Departure from family, homeland, traditions, land of slavery are everywhere in Scripture as precursors to revelation, fruitfulness and every kind of blessing. Whether you leave in response to God’s call or are driven out by forces that oppress (Hagar, the children of Israel), an exodus is key to faith.
Jacob leaves Beer-Sheva (“well of the vows,” place of accommodation?) in Genesis 28:10, on his way to Haran (“cross-roads, paths” — the place of Abram’s original call and departure). Jacob flees the righteous wrath of his older brother Esau, who he just robbed of his father’s blessing through premeditated fraud, lies, and trickery. Far from every security, a rock under his head as a pillow, fugitive deceiver Jacob dreams of a ladder ascending to heaven. Angels are ascending and descending. God appears beside him and says:
“The land on which you lie I will give to you and to your offspring; and they shall be like the dust of the earth, and you shall spread abroad to the west and to the east and to the north and to the south; and all the families of the earth shall be blessed in you and in your offspring. Know that I am with you and will keep you wherever you go, and will bring you back to this land; for I will not leave you until I have done what I have promised you.” Jacob names the place Bethel—God’s House.
Men in the jail are always surprised that God doesn’t arrest Jacob and take him back to face justice. People expecting compliance with laws or other prerequisites in exchange for divine favor are intrigued that Jacob is running away and then just sleeping when God gives blessings and promises. Such grace and extreme promises of blessing to the bad guy are unheard of, especially among criminals.
I have felt compelled to share these reflections in France, Korea and here at home over the past few months. Is this good news too good to be true? How can we stay in this place of grace where help comes under an open heaven and God promises permanent presence and fruitfulness in every direction?
Jacob isn’t won over immediately. Right after waking up he even says: “If God will be with me, and will keep me in this way that I go, and will give me bread to eat and clothing to wear, so that I come again to my father’s house in peace, then the Lord shall be my God” (Gen 28:21).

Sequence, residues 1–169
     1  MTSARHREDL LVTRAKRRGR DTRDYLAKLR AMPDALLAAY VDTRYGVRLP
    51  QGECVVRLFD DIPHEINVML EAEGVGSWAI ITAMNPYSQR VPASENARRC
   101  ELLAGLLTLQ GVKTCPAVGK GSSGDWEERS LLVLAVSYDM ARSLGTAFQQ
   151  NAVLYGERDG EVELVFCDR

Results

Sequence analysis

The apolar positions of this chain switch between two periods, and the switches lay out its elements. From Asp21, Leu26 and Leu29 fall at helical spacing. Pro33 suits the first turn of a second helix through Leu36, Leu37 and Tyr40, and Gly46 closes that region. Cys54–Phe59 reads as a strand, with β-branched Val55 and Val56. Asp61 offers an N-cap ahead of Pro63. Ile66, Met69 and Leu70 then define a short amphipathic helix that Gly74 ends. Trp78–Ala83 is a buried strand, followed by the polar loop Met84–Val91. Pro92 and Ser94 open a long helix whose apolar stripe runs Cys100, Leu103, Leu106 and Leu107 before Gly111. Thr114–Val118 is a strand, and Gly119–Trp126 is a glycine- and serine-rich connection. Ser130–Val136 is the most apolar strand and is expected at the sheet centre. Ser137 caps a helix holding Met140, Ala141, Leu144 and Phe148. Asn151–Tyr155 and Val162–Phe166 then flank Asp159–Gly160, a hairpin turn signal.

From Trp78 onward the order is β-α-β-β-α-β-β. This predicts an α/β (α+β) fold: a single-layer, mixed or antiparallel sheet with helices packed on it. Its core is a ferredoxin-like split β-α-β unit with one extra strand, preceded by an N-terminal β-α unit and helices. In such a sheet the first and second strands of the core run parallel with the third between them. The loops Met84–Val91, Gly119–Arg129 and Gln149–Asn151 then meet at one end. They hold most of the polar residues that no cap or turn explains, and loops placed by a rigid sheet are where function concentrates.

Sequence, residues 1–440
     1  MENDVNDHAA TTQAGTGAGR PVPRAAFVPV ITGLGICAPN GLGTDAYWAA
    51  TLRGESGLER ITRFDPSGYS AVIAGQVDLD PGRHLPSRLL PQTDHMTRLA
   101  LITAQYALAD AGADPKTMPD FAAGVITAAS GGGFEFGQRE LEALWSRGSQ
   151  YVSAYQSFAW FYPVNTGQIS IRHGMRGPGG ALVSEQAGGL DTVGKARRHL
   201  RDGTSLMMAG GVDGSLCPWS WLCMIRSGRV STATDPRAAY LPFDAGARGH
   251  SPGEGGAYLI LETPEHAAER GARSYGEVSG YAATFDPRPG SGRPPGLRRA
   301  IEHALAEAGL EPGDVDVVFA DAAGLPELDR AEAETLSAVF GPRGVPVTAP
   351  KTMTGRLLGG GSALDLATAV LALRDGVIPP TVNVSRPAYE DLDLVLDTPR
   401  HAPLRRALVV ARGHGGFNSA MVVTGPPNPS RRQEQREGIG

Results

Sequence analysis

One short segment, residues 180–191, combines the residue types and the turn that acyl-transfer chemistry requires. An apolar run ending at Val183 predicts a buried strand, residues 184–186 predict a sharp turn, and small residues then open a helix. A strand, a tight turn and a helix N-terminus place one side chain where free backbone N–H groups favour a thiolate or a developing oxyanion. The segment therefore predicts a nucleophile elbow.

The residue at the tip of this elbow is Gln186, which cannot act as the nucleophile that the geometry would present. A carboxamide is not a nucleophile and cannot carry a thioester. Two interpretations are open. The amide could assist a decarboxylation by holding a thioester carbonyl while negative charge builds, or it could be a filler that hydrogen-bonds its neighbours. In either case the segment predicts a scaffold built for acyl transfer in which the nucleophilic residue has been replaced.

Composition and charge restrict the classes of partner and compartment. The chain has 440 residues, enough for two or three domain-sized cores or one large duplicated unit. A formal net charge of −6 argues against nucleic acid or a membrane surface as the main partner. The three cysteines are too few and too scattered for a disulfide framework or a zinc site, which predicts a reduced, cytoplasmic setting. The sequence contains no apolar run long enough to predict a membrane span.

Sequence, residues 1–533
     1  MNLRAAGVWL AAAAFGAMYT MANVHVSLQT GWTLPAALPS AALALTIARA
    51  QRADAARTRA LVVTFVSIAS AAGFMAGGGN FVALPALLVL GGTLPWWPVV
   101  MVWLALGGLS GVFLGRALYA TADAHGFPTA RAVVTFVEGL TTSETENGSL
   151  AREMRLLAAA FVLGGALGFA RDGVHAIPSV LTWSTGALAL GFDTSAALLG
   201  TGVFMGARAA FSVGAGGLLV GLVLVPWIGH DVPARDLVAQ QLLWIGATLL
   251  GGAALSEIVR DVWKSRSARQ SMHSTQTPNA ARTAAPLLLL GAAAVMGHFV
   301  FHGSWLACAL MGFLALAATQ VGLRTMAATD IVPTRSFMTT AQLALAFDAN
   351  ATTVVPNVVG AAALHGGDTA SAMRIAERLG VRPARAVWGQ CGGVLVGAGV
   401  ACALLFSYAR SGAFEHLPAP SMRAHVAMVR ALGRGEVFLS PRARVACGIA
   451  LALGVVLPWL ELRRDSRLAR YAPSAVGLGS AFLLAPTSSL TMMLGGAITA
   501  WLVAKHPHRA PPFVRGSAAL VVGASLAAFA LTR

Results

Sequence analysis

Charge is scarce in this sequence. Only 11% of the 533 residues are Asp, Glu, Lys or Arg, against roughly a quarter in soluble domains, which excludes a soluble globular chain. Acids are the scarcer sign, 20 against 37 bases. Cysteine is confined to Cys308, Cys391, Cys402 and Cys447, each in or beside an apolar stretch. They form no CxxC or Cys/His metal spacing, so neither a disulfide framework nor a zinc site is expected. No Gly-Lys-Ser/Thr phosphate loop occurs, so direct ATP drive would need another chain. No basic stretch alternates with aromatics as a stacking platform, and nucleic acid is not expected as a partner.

It takes Jacob 21 years of working an “infinite” amount of time (7 is symbolic for a totality of years for each of his two wives and herds) to make him finally flee Laban’s oppression. A wrestling match with God who blesses him yet again, and his enemy brother’s surprising forgiveness finally win him over. Now he is ready for God’s call to live in a place of perpetual grace:
“Arise, go up to Bethel and live there. Make an altar there to the God who appeared to you when you fled from your brother Esau” (Gen 35:1).
Limping Jacob’s hardships and experience of divine grace have made him truly understand what is required. He tells his family to put away their foreign gods, purify themselves and change their clothes– and they do it.
Jacob and his people strip themselves of every competing security as they head towards Bethel (the House of God). A terror from God falls on the cities around Jacob that keeps anyone from pursuing his clan (Gen 35:5). What would this look like for us today? What are foreign gods we lean on that need to be put away so we can live under an open heaven? What adversaries do we need to see flee from before us?
In a church in France I visited, culture and the generous social system stood out as potential idols. In Korea they were parental approval, upward mobility, and honor. In our Burlington church we thought of money, materialism, sports, self and nation.
I find myself continuing to ask the Spirit to show me what I am leaning on that is keeping me from Jesus’ life of freedom and fruitfulness. Like Jacob and Nathanael, I want to experience the blessings of living in God’s continual presence without any other props. I want to witness and experience for myself Jesus’ word to Nathanael. “You will see the heavens opened and angels of God ascending and descending upon the Son of Man” (Jn 1:51)—each and every one of us. I want to see God’s love and grace poured out through me and others in every direction—north, south, east and west. I long to live in God’s house 24/7—here and now, before and after I die.
Let’s head towards Bethel now, laying aside every weight and the sin that clings so closely, fixing our eyes on Jesus—our only security.